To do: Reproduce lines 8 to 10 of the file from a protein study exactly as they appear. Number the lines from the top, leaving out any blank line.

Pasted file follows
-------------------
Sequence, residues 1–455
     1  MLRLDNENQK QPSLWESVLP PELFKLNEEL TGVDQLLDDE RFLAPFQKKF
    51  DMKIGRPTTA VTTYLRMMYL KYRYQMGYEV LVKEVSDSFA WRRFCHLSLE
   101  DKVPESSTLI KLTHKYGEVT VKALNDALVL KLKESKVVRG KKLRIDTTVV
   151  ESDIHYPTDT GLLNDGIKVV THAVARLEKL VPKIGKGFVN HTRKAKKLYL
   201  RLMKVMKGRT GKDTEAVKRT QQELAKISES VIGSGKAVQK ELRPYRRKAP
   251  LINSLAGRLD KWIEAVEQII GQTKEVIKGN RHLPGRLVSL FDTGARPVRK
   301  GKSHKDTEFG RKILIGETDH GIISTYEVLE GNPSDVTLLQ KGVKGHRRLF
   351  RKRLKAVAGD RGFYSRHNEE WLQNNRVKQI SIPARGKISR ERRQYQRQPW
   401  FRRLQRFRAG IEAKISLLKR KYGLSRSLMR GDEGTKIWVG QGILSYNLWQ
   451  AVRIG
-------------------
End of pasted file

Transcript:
   301  GKSHKDTEFG RKILIGETDH GIISTYEVLE GNPSDVTLLQ KGVKGHRRLF
   351  RKRLKAVAGD RGFYSRHNEE WLQNNRVKQI SIPARGKISR ERRQYQRQPW
   401  FRRLQRFRAG IEAKISLLKR KYGLSRSLMR GDEGTKIWVG QGILSYNLWQ